Mind Over Mines: UNICEF project uses children's entertainment to teach life-saving lesson (Armenia)
When Gayane and Hayk were going to play as usually in their forest meadow, they had no idea what danger faced them.
"Do you know that our forest is full of mines", asks the ginger-feathered Bird quickly approaching the children from behind the colorful tree.
Since May, within the framework of the UNICEF Mine Risk Education Program, Gayane and Hayk, the Bird, and a host of other entertaining and educational characters have been cast in "Don't Touch; Those are Mines", a puppet play produced for children in Armenia's "risk zones". Traveling to villages on the border with Azerbaijan, where unmapped and unmarked mines left from the Karabak War are a hazard, puppeteers teach a lesson that could be life-saving.
What are mines made of? What do they look like? How do they explode? Where are they placed? What's the damage mines and mined territories can cause? What are the signs helping to recognize risk zones?
Answers to these and many other questions get the children carefully following the performance, listening to the stories and advice given by the puppet characters.
"Listen, children, carefully: mines are made to wound, destroy and kill", explains the Scientist to the children. "It's more dangerous than the wolf, and wittier than the fox. Mines are well-hidden in nature. So don't touch unfamiliar objects, play only with your toys."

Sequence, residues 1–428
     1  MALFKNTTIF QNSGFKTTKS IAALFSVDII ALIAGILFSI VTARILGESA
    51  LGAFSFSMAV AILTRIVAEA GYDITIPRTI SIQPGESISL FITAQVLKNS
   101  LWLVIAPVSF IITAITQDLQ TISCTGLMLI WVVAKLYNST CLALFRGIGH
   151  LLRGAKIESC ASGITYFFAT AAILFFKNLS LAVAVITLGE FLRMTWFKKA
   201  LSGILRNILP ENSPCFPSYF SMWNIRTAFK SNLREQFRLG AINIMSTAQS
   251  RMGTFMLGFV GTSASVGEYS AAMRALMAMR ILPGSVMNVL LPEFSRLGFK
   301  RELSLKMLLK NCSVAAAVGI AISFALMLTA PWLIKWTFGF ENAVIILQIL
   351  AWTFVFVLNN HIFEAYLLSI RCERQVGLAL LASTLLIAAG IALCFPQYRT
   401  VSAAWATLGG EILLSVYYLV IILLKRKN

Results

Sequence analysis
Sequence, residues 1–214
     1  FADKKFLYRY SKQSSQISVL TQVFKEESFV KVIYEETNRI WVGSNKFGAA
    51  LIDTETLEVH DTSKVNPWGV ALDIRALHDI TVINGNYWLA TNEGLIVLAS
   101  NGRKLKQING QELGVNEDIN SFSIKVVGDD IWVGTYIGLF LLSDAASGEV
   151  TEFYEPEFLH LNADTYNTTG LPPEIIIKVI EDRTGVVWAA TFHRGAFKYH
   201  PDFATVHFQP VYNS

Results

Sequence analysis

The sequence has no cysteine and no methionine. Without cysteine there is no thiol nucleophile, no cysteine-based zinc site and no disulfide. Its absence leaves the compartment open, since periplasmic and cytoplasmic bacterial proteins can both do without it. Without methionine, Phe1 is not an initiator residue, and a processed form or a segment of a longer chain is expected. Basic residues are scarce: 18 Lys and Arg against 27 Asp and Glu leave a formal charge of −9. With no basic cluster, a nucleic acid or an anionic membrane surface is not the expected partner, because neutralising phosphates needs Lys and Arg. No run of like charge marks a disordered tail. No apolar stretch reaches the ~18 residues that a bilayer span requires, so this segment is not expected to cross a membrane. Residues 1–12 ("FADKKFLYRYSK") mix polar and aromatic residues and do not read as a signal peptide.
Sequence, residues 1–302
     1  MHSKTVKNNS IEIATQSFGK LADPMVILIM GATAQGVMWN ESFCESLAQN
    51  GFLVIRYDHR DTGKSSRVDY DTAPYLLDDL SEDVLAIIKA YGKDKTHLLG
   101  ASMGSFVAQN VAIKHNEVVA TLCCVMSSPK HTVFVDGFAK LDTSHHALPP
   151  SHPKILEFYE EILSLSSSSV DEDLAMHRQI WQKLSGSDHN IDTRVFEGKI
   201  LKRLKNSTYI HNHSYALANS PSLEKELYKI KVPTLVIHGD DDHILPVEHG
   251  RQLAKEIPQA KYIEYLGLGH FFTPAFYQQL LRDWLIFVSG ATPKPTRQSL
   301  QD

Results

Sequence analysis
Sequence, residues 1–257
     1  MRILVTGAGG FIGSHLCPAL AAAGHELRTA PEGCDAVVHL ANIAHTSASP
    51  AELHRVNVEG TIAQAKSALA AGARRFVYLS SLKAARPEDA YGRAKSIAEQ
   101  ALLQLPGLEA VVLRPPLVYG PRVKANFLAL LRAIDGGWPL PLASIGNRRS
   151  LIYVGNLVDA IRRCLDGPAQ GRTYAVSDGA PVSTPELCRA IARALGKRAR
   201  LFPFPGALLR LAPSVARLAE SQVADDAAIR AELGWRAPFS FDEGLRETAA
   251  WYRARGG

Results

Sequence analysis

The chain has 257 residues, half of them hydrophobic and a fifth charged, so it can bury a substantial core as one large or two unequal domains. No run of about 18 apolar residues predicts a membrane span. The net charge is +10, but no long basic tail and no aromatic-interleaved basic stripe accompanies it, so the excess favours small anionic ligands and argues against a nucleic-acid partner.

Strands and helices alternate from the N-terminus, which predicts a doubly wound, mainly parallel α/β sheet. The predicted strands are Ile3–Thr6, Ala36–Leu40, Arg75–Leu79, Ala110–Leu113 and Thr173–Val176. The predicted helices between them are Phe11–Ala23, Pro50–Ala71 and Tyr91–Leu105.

During the breaks of this multi-act performance the troupe director Armen Safaryan comes out to the stage and asks children a few questions to the point. Active children start answering, using the information learned a little while ago.
"This undertaking is very effective. In the scope of the Mine Risk Education Programme 27 performances are planned in the frontier villages. This is an extremely important activity in respect of contents, information and impact", says the UNICEF Armenia's Information & Communications APO Emil Sahakyan. "The performances are educational and impressive. They are of interactive character and are combined with questions and answers to children. The latter helps them to memorize the information better and assist to their comprehension of how to behave in different possible situations".
Besides the performances the Programme holds photo-exhibitions in different provinces. Photos by well-known photographer German Avagyan tell about mine-injured and disabled children.
Within the Programme framework, besides the performances and photo-exhibitions, two manuals have been created, aimed again at raising the awareness of those living in border regions.
"Safety in Our Surrounding", manuals for teachers and specialists working in the communities, give general information about mined territories of Armenia and Nagorno Karabakh, as well as the risks connected with them. It introduces the recommended behavior in those areas and other essential knowledge, which, specialists say, is of vital importance.
A total area of about 321 square kilometers along the border is considered dangerous due to mines ' especially in the regions of Ararat, Gegharkunik, Syunik, Tavoush and Vayots Dzor.
Research carried out last year by the United Nations Development Program and Vietnam Veterans of America Foundation estimates 68,737 people have suffered from mines and unexploded weapons in Armenia.